Is My Wife's Will Valid?

in Law

With family structures today being more complex than they were years ago, contesting a Will is becoming increasingly common, particularly as the size of many inheritances increases.

However it should not be a decision taken lightly. Apart from the stress and costs involved, making an inheritance claim can cause a huge tension to grieving families, sometimes causing lifelong splits. So, ask of yourself, is it worth it, both emotionally and financially? If not, will it affect any other relationship?

There are many reasons why you might want to contest a Will. Perhaps, for example, you feel that your loved one has not adequately provided for you. Whether in the Will itself or via intestacy, the Inheritance Act 1975 makes provisions for family or dependants who did not receive reasonable financial provision from the estate of the deceased.

Alternatively you may be concerned about the validity of the Will. Questions to ask before challenging such a situation include:

- Is there evidence the Will is fraudulent or forged?

- Did the deceased have sufficient mental capacity at the time the Will was created?

- Was the Will signed and witnessed correctly?

- Was the Will revoked or was it the last Will of the deceased?

- Did the deceased know and approve of the contents of the Will?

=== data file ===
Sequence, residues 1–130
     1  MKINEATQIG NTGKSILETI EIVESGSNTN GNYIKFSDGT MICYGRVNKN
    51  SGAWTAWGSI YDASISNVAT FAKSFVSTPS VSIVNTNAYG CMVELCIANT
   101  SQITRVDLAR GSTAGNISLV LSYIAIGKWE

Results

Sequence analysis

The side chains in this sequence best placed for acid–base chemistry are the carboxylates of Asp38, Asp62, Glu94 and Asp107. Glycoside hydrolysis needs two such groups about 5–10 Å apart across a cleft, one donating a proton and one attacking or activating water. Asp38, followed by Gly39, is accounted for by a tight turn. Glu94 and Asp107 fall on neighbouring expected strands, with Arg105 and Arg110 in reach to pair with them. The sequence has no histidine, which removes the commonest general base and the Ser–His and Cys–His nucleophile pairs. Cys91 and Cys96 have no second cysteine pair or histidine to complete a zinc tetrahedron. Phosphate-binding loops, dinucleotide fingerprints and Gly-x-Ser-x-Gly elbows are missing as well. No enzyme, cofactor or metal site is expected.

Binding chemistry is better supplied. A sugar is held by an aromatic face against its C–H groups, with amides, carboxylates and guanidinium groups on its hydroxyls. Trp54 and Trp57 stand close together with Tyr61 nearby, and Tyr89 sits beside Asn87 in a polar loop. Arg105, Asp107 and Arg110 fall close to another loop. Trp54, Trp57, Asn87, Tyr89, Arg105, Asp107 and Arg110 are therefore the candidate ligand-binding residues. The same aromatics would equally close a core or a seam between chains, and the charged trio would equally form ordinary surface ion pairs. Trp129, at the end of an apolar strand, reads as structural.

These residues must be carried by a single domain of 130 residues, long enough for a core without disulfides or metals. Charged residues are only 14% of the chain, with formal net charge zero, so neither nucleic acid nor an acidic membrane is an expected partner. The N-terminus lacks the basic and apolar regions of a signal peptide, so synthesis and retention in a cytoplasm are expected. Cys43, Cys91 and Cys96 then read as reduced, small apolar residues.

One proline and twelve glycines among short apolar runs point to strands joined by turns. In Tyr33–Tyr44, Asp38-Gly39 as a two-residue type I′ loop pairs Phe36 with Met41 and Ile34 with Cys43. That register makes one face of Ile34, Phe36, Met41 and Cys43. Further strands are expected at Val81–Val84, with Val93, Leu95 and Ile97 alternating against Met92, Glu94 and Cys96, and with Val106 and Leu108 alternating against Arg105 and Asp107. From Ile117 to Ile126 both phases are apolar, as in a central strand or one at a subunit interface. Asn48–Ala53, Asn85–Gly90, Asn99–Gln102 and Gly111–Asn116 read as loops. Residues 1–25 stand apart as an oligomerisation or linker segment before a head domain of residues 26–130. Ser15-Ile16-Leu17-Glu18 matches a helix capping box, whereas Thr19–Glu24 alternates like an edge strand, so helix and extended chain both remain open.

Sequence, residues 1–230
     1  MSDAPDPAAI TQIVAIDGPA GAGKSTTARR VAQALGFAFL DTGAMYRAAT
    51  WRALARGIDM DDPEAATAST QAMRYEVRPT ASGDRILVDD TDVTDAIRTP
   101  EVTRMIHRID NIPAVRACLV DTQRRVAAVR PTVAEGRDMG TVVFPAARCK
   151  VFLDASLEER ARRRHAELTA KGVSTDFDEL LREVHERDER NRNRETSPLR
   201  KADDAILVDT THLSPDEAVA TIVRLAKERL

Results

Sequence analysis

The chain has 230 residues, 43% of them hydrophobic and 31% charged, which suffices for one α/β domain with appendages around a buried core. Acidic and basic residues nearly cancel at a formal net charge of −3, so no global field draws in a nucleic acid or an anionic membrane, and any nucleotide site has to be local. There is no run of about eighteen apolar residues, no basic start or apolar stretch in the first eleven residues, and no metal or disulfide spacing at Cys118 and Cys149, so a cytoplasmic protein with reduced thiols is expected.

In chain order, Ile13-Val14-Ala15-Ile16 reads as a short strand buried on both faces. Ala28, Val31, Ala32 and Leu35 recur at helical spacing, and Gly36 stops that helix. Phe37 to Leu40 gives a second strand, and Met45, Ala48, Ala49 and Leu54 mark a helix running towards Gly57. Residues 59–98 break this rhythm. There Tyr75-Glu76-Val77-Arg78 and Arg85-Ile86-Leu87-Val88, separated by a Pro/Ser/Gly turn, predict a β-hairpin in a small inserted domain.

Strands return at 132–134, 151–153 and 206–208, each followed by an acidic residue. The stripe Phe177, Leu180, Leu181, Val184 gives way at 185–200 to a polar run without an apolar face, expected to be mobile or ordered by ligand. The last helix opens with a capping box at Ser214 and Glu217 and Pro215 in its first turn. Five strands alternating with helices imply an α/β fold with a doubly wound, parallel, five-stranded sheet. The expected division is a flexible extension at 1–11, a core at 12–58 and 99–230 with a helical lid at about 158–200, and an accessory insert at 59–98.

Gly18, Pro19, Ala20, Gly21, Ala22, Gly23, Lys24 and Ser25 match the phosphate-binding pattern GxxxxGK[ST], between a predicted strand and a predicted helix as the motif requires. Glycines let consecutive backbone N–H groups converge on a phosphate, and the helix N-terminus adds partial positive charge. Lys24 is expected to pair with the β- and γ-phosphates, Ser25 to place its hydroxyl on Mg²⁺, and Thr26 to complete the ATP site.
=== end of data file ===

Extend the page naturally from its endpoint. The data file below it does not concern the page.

One of these might be the basis on which you make your case. Or you may believe the Will has been drafted negligently by a professional who has failed to reflect the deceased wishes, included contradictory clauses or has not met with certain legal requirements.

There may be friction developing between you and the executors and trustees of the Will. This can happen if you consider that they have not given you all the information or if you think they have acted against the best interests of the estate. By contesting a Will it becomes possible to make an application to substitute or remove an executor or trustee.

Whichever case best applies to you, be aware of the 6 month time limit for making inheritance claims. The limit starts when probate has been granted, but you would be recommended to commence any claim before 6 months has passed from the date of death.

If you're considering whether to contest a will, it would be strongly recommended to obtain legal advice from a solicitor who specialises in contesting Wills and will be able to guide you through this complex area of law.

Author Box
Tim Bishop has 1132 articles online

Making an inheritance claim is a highly technical area of law - make sure you have solicitors who are experienced in how to contest a will. Tim Bishop is senior partner at Bonallack & Bishop, a firm of UK lawyers with a team experienced in contentious probate. He has grown the firm by 1000% in 13 years and has plans for continued expansion.

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Is My Wife's Will Valid?

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This article was published on 2010/10/10